The scene from the preschool in the Chinese county of Suinin, approximately halfway between Beijing and Shanghai, could have been an advertisement for cuteness. Two lines of children walk out of school at the end of the day, led by their beaming teachers towards a cluster of expectant parents. Mara Hvistendahl witnessed this scene but when she did, she noticed a strange phenomenon: there were nearly twice as many boys in the two lines as girls.
The situation in Suinin is hardly unique. Across the developing world, from China to India to Eastern Europe to the Middle East, sex ratios - the ratio of boy babies to girl babies - are becoming increasingly skewed. The normal human ratio is around 105 boys for every 100 girls, a natural evolutionary ratio that takes into account the fact that more boys tend to die before reaching adulthood. But in China today, the ratio is 121 boys for every 100 girls; in India the ratio is 112 boys for every 100 girls; in Tunisia the official ratio is 107 boys per 100 girls, although the real figure is believed to be much higher.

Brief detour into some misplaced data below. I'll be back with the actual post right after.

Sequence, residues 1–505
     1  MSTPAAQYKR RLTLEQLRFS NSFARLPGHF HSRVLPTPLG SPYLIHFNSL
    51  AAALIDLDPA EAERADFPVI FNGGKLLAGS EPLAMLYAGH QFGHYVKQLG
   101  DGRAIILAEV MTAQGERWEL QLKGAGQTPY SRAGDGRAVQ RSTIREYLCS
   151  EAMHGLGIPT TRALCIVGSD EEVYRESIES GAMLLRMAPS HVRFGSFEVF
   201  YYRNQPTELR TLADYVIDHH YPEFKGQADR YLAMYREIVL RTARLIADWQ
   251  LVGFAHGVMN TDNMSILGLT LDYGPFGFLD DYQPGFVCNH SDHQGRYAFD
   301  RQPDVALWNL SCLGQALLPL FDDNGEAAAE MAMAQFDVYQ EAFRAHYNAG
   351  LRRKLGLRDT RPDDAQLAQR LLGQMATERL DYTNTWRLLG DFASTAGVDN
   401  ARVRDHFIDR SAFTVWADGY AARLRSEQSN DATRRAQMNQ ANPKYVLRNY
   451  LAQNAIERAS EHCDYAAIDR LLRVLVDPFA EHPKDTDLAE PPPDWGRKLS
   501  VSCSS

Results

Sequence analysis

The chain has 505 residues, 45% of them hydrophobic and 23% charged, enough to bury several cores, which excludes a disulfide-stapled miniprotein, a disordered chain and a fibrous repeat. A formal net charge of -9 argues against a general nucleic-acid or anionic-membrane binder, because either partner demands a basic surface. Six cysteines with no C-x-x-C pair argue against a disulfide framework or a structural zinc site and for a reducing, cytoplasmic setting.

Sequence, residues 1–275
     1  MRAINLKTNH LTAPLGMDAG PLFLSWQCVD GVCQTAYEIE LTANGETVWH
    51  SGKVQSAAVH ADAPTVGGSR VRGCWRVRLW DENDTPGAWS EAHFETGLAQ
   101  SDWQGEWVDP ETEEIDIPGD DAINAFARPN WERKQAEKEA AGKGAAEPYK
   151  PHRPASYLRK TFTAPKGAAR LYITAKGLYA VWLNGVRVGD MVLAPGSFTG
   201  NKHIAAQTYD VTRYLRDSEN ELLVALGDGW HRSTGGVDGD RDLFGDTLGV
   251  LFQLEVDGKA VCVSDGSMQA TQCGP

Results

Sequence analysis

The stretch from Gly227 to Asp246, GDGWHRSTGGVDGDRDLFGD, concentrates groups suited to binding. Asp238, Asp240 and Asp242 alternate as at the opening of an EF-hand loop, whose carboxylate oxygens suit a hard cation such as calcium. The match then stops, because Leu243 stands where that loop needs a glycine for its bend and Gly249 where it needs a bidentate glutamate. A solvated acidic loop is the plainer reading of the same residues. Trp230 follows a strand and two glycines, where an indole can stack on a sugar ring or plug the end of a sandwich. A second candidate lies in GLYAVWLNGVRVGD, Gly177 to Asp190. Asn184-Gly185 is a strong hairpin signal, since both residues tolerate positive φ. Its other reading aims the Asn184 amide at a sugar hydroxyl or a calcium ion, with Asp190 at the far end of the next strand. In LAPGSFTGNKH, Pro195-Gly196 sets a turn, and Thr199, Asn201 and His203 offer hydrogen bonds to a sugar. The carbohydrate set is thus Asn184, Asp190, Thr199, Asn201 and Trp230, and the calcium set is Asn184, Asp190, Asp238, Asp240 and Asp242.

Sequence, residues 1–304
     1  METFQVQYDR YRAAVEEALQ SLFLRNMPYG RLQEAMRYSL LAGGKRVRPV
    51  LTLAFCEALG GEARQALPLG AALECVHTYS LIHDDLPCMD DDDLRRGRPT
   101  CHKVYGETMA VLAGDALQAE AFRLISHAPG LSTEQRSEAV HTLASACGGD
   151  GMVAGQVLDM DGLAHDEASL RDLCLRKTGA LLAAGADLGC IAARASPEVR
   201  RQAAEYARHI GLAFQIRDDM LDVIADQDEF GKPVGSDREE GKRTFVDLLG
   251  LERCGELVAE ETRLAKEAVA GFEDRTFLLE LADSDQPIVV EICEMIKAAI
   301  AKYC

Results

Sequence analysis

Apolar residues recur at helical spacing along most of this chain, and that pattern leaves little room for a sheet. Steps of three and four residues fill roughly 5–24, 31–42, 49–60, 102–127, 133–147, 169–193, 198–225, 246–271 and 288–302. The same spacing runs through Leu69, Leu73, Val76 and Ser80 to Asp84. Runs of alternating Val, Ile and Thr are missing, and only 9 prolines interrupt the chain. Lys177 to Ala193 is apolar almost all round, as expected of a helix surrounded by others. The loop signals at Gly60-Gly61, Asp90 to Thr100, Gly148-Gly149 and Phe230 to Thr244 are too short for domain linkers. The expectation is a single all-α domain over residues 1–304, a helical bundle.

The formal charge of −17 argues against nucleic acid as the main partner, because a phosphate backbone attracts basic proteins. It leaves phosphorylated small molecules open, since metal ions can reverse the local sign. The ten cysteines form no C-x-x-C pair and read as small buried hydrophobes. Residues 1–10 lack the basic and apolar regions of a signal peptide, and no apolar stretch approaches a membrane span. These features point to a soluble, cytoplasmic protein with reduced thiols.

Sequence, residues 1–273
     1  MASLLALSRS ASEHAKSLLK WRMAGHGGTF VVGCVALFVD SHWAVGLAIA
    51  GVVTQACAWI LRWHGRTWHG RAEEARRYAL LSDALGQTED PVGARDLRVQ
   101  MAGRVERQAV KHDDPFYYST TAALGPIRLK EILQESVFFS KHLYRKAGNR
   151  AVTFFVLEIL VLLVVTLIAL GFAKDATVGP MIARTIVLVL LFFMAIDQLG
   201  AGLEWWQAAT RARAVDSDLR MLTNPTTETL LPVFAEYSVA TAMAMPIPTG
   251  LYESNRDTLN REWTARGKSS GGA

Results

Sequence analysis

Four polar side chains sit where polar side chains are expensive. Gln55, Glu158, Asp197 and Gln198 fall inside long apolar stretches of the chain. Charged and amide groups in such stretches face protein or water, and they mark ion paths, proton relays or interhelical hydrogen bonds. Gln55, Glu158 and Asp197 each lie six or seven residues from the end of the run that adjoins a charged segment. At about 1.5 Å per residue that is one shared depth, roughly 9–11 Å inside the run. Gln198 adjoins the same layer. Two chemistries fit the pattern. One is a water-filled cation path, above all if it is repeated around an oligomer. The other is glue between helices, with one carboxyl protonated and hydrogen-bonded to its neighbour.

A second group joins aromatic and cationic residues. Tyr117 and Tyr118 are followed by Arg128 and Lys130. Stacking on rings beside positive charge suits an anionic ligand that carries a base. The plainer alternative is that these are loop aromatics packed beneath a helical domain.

In her thorough and compelling new book, Unnatural Selection, Hvistendahl explains why these trends will have far-reaching effects. She argues that the sex imbalance could prove devastating to social stability across the developing world, sparking crime, human trafficking, and - if history is any guide - even war.